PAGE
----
In addition to the whole group, the differences between the unfavorable subgroups of patients and the healthy controls reached the level of significance. In the cases of patients who belonged to either or both of the subgroups with more unfavorable natures (the deficit group and cluster S), there were verified notable brain structural differences compared to the healthy controls. Most of the relevant areas were revealed in the analysis between cluster S and the healthy controls.
Schizophrenia Group vs. Healthy Controls
The whole mixed group of patients with schizophrenia was measured to have lower GM volumes in the left insular cortex and left inferior frontal gyrus compared to the healthy controls (p < 0.036, corrected for multiple comparisons, Table 2; Figure 1—row A).
Table 2. Significant volumetric clusters of gray matter volume deficits in the group of patients with schizophrenia compared to the healthy controls.
Figure 1. Significant gray matter deficits in schizophrenia patients. Row (A) the whole, mixed group of patients with schizophrenia compared to the healthy controls. Row (B) the deficit group compared to the healthy controls. Row (C) the cluster S compared to the healthy controls. Red-to-yellow volumetric clusters indicate p values between 0.05 and 1, corrected for multiple comparisons. In all three comparisons, the same slices are presented at z-coordinates indicated at the bottom of the figure.
Deficit-Syndrome vs. Healthy Controls
The deficit group showed lower cortical GM volumes in the bilateral perisylvian area, in the right orbitofrontal cortex and in the inferior and polar areas of the left frontal cortex (p < 0.05, corrected for multiple comparisons, Table 3; Figure 1—row B) compared to the normal controls.
Table 3. Significant volumetric clusters of gray matter volume deficits in the group of patients with deficit syndrome compared to the healthy controls.
S-Cluster vs. Healthy Controls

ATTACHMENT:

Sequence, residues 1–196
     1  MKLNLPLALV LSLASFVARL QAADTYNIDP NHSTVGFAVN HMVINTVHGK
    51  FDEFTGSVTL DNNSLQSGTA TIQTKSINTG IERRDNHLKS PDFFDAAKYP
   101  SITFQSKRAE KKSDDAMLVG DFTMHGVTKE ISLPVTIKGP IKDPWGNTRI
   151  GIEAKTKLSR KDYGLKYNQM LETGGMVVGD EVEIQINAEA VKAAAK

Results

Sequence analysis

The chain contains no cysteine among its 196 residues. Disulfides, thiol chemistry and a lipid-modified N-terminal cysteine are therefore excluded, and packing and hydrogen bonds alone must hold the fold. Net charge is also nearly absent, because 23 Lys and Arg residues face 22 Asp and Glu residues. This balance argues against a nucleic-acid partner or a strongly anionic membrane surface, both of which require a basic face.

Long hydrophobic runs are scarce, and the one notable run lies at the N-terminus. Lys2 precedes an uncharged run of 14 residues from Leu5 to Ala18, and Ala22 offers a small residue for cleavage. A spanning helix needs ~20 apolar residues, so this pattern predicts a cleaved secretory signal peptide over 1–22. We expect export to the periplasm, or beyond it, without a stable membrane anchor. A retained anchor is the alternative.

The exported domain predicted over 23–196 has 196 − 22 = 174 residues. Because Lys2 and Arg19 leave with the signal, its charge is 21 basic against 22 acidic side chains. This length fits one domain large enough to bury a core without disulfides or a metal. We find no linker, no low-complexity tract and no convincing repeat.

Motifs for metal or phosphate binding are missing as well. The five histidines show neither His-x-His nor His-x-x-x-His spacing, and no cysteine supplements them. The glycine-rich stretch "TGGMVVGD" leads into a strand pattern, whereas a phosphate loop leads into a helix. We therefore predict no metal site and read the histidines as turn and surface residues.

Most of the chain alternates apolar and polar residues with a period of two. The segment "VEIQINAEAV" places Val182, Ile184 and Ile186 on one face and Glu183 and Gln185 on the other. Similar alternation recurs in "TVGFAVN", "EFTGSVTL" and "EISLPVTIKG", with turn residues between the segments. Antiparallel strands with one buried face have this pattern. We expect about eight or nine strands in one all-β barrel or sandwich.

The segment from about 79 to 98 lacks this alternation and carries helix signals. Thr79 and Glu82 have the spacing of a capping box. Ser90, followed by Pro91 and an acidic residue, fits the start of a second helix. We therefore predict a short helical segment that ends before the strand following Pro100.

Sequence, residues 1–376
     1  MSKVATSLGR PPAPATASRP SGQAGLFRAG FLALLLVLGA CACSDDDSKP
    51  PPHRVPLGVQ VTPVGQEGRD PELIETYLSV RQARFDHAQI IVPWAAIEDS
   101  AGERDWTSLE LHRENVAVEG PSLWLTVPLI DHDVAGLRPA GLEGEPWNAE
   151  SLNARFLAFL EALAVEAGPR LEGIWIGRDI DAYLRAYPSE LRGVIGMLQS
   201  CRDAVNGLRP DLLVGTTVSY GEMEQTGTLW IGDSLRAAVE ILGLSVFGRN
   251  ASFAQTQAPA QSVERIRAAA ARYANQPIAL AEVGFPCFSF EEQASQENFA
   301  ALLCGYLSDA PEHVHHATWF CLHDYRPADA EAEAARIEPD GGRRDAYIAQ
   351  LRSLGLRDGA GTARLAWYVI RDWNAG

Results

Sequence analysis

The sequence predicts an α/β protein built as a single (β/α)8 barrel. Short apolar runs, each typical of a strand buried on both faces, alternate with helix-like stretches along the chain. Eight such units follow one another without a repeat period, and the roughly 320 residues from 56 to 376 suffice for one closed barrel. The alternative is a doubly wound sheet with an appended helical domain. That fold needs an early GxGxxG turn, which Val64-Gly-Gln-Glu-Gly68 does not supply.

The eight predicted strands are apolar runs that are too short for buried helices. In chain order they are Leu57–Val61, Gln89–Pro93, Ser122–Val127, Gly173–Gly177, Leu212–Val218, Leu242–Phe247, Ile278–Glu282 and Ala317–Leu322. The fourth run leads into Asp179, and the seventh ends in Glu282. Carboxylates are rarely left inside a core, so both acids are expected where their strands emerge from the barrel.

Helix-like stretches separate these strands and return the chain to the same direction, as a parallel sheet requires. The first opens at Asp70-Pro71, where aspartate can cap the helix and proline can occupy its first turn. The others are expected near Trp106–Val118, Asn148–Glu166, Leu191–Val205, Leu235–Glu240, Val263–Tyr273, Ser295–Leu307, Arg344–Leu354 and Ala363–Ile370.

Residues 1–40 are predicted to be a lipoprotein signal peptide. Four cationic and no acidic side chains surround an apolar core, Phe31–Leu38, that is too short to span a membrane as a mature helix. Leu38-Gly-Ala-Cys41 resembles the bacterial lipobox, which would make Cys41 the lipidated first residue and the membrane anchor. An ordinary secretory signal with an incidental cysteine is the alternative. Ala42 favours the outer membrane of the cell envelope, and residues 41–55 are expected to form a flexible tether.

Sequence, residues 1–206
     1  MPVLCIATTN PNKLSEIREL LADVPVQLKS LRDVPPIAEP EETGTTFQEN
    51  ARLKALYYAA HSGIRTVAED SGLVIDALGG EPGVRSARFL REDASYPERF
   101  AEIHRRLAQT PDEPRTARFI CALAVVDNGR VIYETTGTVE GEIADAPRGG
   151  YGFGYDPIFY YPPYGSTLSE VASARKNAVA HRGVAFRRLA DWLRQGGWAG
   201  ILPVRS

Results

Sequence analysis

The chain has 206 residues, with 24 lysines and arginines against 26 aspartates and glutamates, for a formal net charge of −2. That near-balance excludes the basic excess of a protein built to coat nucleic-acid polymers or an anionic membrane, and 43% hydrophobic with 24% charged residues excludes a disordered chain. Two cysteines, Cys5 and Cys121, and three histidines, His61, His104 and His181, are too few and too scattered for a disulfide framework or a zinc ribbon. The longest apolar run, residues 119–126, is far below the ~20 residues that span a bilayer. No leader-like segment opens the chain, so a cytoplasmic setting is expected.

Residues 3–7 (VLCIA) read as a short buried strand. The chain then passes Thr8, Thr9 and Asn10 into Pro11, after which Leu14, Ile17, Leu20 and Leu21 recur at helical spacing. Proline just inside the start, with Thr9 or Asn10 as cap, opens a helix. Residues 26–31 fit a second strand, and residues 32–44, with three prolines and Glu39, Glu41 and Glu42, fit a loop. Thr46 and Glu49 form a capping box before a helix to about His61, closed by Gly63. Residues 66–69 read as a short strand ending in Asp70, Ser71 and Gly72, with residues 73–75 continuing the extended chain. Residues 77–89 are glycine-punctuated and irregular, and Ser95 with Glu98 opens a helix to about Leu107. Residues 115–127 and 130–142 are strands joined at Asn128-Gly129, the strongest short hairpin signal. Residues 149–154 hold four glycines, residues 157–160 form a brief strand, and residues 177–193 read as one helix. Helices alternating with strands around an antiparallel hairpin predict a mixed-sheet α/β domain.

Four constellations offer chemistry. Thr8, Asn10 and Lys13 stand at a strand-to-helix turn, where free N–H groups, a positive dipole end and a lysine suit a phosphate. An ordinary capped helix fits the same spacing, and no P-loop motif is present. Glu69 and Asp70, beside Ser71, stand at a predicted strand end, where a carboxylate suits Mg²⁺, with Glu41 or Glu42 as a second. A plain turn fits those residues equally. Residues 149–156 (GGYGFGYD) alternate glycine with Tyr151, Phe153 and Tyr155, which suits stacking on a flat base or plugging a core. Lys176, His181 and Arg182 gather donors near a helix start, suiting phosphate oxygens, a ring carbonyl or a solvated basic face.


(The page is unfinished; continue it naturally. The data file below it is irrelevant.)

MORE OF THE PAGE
Voxel-based morphometry analysis indicated lower cortical GM volumes in the cluster S patients compared to the normal controls in the bilateral insula, bilateral orbitofrontal cortex, left superior temporal sulcus, right anterior cingulate gyrus, bilateral subcallosal region, and left inferior frontal sulcus and gyrus (the latter is the opercular part of the dorsal premotor cortex) (p < 0.047, corrected for multiple comparisons, Table 4; Figure 1—row C). Notably, the differences were more extensive than in the mixed group of patients or in the deficit subgroup.
Table 4. Significant volumetric clusters of gray matter volume deficits in the cluster S patients compared to the healthy controls.
In the present cross-sectional study, we compared the brain volumetric characteristics of a mixed group of patients with schizophrenia to the structural relations of the healthy controls. Furthermore, using two concurrent methods (deficit and non-deficit vs. cluster S and Z), we divided the patient group into two subgroups, and structural imaging markers of these subgroups were compared with one another and with the healthy controls. Our results demonstrated the heterogeneity of the group of patients diagnosed with schizophrenia (according to the DSM-IV) who were treated in outpatient care, on the one hand, and the advantages of the subgrouping method in revealing brain structural anomalies on the other hand. Both subgrouping method uncovered more differences than the comparison between the whole patient group and the healthy control group.